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Dipole embedded in dielectric sphere is this the best way to do this?

  1. Mar 25, 2012 #1
    1. The problem statement, all variables and given/known data

    Hey all, I want to find the potential due to a point-like (mathematical, not physical) dipole inside and outside of a sphere made of dielectric material with dielectric ε. It's of radius R. Outside the sphere is vacuum.


    2. Relevant equations



    3. The attempt at a solution

    Inside there sphere is easy (I think). For the potential of a dipole, we just use the standard

    [itex]V(r,\theta) = \frac{1}{4\pi \epsilon} \frac{\vec{p}\bullet\vec{x}}{\left|x\right|^3}[/itex]

    with the dielectric's [itex]\epsilon[/itex], of course. Outside the sphere, I try to build a solution using Legendre polynomials. I want them to match the boundary condition of the potential on the surface of the sphere. To find this, I note that for a point on the surface of the sphere, x is [itex]\vec{x} = sin(\theta)cos(\phi)\hat{x} + sin(\theta)sin(\phi)\hat{y} + cos(\theta)\hat{z}[/itex] and I say the dipole p is pointing in the z direction, with magnitude p. So on the surface of the sphere:

    [itex]V(R,\theta) = \frac{1}{4\pi \epsilon}\frac{p cos(\theta)}{R^3}[/itex]

    So this is what I need my solution outside to match at r = R.

    So outside I want something of the form [itex]V(r,\theta) = \sum_{m = 0} ^\infty [(A_m r^m + B_m R^{-(m+1)})P_m(cos(\theta))][/itex]

    But I'm looking at the outside, as r goes to infinity, so I know A = 0 for all m. So I get rid of these, and do the standard little trick to figure out the coefficients B:

    [itex]B_m = \frac{2m + 1}{2}R^{m + 1} \int_0^{\pi} P_m(cos(\theta)) \frac{1}{4\pi\epsilon}\frac{p cos(\theta)}{R^3} sin(\theta) d\theta [/itex]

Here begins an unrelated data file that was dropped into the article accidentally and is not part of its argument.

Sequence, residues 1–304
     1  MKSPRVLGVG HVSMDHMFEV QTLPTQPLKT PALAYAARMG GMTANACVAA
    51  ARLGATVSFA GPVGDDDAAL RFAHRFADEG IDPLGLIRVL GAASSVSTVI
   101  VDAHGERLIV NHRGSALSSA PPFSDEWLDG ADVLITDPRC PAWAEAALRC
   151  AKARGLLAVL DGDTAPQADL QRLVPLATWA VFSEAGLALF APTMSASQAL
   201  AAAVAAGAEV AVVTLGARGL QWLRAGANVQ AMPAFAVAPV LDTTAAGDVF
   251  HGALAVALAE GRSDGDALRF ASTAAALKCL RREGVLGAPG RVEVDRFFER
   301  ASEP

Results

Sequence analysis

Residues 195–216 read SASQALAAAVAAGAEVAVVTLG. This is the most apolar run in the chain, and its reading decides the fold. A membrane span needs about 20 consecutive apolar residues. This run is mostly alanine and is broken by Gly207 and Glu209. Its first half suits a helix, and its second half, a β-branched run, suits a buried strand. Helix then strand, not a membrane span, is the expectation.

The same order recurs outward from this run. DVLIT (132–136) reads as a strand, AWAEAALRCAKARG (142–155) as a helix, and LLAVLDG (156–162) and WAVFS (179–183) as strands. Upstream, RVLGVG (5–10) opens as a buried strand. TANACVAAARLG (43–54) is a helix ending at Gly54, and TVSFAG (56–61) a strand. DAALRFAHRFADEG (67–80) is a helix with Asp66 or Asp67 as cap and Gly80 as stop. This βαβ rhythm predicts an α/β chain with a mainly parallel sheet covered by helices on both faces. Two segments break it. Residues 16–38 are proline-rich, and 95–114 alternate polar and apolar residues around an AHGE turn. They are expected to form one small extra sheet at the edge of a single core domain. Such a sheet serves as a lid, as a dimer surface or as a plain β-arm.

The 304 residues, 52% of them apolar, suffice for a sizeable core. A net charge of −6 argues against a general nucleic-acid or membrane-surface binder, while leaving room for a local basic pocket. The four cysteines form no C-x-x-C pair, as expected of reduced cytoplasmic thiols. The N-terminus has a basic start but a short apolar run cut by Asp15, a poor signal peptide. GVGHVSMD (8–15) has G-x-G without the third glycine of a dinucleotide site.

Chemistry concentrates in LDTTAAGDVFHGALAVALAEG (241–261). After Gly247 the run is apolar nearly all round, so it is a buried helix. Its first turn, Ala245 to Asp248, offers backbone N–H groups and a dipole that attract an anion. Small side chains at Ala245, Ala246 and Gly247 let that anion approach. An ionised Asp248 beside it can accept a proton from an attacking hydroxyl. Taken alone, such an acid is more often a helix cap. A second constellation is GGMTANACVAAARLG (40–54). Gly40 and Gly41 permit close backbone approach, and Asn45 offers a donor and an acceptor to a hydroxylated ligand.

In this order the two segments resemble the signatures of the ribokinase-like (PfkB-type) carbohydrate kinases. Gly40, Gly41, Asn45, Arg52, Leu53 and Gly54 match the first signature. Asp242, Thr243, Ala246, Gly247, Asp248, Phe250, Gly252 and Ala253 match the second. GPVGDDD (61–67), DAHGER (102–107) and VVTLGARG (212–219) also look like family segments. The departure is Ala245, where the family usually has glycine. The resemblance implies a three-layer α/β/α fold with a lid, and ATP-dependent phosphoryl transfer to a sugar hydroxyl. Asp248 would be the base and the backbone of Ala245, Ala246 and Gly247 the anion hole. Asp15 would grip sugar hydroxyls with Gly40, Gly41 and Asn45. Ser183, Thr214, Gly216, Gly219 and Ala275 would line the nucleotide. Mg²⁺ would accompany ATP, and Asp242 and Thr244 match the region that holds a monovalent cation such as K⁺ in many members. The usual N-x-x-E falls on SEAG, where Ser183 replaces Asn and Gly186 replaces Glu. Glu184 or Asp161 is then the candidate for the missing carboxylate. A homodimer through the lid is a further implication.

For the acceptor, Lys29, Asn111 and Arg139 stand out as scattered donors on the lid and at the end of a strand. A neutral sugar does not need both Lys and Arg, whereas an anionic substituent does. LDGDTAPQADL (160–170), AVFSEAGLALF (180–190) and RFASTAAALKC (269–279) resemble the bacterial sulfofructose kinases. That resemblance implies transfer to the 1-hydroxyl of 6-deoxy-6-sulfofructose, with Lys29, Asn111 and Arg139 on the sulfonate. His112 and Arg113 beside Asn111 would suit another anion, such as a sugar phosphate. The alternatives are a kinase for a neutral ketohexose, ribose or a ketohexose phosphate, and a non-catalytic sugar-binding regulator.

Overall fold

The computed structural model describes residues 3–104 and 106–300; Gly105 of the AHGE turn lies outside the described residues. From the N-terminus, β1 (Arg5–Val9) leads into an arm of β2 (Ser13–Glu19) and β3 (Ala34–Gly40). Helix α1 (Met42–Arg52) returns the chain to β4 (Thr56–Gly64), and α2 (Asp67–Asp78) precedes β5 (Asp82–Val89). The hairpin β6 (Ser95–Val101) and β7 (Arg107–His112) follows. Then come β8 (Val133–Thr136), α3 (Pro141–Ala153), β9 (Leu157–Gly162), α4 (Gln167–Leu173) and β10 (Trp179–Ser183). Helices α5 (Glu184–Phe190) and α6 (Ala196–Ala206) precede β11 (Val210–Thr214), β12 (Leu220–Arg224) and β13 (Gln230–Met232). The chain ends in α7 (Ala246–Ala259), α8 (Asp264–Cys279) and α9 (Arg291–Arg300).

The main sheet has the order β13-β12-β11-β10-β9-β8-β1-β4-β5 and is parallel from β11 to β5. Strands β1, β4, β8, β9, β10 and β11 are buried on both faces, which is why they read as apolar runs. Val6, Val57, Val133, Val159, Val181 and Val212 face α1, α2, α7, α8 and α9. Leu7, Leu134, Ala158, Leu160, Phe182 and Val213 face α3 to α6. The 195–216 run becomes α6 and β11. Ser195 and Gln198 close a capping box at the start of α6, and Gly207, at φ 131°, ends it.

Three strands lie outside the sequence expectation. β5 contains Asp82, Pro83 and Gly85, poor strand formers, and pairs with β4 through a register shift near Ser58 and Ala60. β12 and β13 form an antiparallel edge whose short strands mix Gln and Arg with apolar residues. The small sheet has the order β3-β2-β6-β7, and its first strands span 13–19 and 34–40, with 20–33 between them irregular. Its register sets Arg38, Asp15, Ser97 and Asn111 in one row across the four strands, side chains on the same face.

Is this all I can do? Do I just find the coefficients and then that's as far as I can go? I don't think I can integrate the Legendre polynomials generally.

    Also, is there a nicer way of doing it? I was thinking of something involving that trick of viewing the dipole as two point charges very close together (at a distance d), finding the field of each by using method of images, and then taking the limit as d->0. But doing method of images with dielectrics is tricky. Any advice?

    Thanks!!
     
  2. jcsd
  3. Mar 26, 2012 #2
    Hi!

    I don't know whether there exists a nicer solution; anyway I try to propose mine; let me know if you agree with it. As a convention, I will use spherical coordinates, with the z-axis as the axis of the dipole.
    As you said, you can write the potential outside the sphere in the way you wrote it (with all A's equal to zero, A_0=0 is a convention).
    Then you impose the border condition at the surface of the sphere: continuity of the component of the electric field parallel to the tangent of the surface and continuity of the component of the electric induction perpendicular to the surface:

    [itex]\vec{E}_{||}^{\text{out}}=\vec{E}_{||}^{\text{in}}[/itex]

    [itex]\vec{D}_{\bot}^{\text{out}}=\vec{D}_{\bot}^{\text{in}}[/itex]


    So you have expressed the border condition inside the dielectric as a field which depends on the parameters B's. We now want to find the solution inside the dielectric.
    Now, call [itex]\vec{E}^{\text{part}}[/itex] the particular solution of the electric field generated by an electric dipole (the usual one that is found on the textbooks rescaled by ε) and define (for points inside the sphere)

    [itex]\vec{E}^{\text{new}}=\vec{E}^{\text{in}}-\vec{E}^{\text{part}}[/itex]

    Now, [itex]\vec{E}^{\text{new}}[/itex] is the electric field inside the sphere in absence of free charges inside the sphere with border conditions (written in a very rough way)


    [itex]\vec{E}^{\text{new}}|_R=\vec{E}^{\text{in}}|_R-\vec{E}^{\text{part}}|_R[/itex]

    that is, the border conditions depend on the B's.